May 11, 2007

Twenty Something / Christina Capecchi

Underestimating your value? Don’t

Antiques Roadshow catches ordinary people in an endearing position: their nerve-racking television debut. They tend to be talkative and made-up, dressed in coral, spattered in rouge and framed in fluffed-up curls.

Then an appraiser delivers the news that they’re richer than they thought they were. Substantially richer.

The poised persona they were trying to project snaps, giving way to a Macaulay Culkin face and homespun expressions such as “Oh my lanta” or “Egads!”

Some can’t fathom the dollar value, repeating “You’re kidding!” in a stunned daze. Others focus on one fact to navigate through their shock. For one man, that was the handle of his sword, which, evidently, was made of rhinoceros horn. “The most amazing thing is the rhinoceros!” he exclaimed. “I thought that was plastic!”

Now in its 11th season, Public Broadcasting System’s Roadshow is currently being filmed in Omaha, Neb., which should be fertile ground for granny curls and my lantas. It’s one of a few reality TV shows that stimulates rather than saps brain cells. It’s packed with obscure tidbits.

“This artist always painted a blue bird in the upper right corner of his landscapes. This is the only one with a crow in the corner, which increases its value.”

Anything can be rendered fascinating and valuable on Roadshow. An ashtray. A pocket watch. A pillowcase. You never know how it was stitched—or who drooled on it.

Once, I watched an ugly mahogany chair yield an astonishing appraisal. Its back was unusually long and skinny. But the bottom bore the letters RX, “the maker’s mark,” the appraiser said, and the maker was a famous artist.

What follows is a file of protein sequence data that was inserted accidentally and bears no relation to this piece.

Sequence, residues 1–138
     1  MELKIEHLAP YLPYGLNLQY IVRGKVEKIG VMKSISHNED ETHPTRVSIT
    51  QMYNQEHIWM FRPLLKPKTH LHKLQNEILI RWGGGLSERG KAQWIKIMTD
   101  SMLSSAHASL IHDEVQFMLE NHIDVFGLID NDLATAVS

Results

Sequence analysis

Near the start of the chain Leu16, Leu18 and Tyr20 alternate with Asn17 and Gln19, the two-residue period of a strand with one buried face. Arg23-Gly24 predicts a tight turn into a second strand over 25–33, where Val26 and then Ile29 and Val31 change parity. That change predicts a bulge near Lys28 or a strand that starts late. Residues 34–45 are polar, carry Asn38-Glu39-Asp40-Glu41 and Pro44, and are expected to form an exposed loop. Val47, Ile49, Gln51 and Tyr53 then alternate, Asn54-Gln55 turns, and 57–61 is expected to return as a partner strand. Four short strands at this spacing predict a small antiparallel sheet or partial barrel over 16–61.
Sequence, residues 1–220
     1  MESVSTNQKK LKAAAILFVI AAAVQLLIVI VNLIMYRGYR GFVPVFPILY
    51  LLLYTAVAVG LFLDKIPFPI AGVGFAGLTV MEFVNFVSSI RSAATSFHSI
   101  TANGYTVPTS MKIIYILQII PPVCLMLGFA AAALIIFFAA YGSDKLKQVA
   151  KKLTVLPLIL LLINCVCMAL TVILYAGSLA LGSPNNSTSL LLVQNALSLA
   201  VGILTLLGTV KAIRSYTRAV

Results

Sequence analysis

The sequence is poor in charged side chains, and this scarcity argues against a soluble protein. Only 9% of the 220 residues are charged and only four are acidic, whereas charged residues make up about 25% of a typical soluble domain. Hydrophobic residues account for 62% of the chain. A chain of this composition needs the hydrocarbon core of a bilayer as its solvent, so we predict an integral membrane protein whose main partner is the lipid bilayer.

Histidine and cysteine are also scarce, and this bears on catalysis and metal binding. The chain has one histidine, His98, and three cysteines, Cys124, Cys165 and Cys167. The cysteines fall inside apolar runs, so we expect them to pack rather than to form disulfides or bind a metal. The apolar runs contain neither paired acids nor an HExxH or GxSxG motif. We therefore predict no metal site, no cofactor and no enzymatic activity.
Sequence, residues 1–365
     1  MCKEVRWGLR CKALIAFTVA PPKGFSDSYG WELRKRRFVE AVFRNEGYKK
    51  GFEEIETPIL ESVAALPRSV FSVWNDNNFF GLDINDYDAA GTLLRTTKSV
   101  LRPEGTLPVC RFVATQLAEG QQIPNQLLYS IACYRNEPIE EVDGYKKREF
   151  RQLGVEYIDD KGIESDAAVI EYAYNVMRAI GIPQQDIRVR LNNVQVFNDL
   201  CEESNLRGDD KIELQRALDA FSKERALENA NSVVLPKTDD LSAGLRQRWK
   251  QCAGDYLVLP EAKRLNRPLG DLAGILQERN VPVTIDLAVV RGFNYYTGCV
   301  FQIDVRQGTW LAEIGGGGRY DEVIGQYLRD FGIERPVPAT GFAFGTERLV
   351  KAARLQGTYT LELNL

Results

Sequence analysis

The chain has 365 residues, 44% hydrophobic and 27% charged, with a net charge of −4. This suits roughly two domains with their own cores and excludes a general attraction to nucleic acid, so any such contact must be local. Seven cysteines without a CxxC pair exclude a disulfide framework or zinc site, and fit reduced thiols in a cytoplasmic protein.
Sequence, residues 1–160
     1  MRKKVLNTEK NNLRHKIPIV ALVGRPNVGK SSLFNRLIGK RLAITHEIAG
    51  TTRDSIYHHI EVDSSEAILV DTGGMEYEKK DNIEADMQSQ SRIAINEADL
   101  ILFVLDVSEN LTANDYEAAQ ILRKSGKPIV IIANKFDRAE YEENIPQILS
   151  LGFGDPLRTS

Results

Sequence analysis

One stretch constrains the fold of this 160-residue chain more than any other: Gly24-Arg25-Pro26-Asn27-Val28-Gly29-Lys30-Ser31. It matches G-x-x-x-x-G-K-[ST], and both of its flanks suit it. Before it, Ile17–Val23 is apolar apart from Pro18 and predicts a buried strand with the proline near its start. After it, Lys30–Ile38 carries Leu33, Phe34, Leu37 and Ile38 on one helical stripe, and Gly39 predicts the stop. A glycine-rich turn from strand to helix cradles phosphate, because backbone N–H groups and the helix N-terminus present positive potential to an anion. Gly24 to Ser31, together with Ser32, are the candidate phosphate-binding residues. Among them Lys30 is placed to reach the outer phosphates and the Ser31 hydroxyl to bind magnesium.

That phrase lingered in my mind long after I turned off the TV: “the maker’s mark.”

We each bear the maker’s mark, and our maker is the most famous artist of all time. In six days, he created Niagara Falls and the Grand Canyon. And the original “Starry Night” that Van Gogh later ripped off.

We are each unique, a limited edition, one out of one. You know what that does to the value of the art.

It’s important that we keep this in mind as we prepare for summer, wriggling into swimsuits and staring into three-fold, full-length mirrors. It’s hard to shake that model in our mind, and it’s easy to spot our physical deviations.

But the image we envy is generic. One print out of 10 million. So don’t sell out.

Many young women make this mistake. Look at Ashlee Simpson, who burst into a music scene filled with blond look-alikes and turned heads with her black hair, fair skin and fresh look. She looked as though she ate peanut butter. Girls liked that, and they turned her first album into a triple platinum.

Alas, Ashlee turned skinny, tan and blond. She got a new nose. And her next album didn’t come close in sales.

Thousands of girls follow her lead. Some submit themselves to ice-cube diets. Others submit themselves to the plastic surgeons on “I Want a Famous Face.”

God created you one of a kind. He sculpted you carefully, counting the hairs on your head. So when you try to emulate Eva or Jen, you insult your creator’s fine taste.

Like the Blenko glass on Roadshow, our physical imperfections add an interest and value that collectors covet. The chicken-pox scar on your forehead. The birthmark on your left calf. You’ve been trying to hide the very mark that makes you special.

So take care of yourself, the fabulous original, avoiding scratches and cheap imitations. God’s appraisal of your value wildly exceeds your estimation.

(Christina Capecchi is a graduate student at Northwestern University in Evanston, Ill. E-mail her at†

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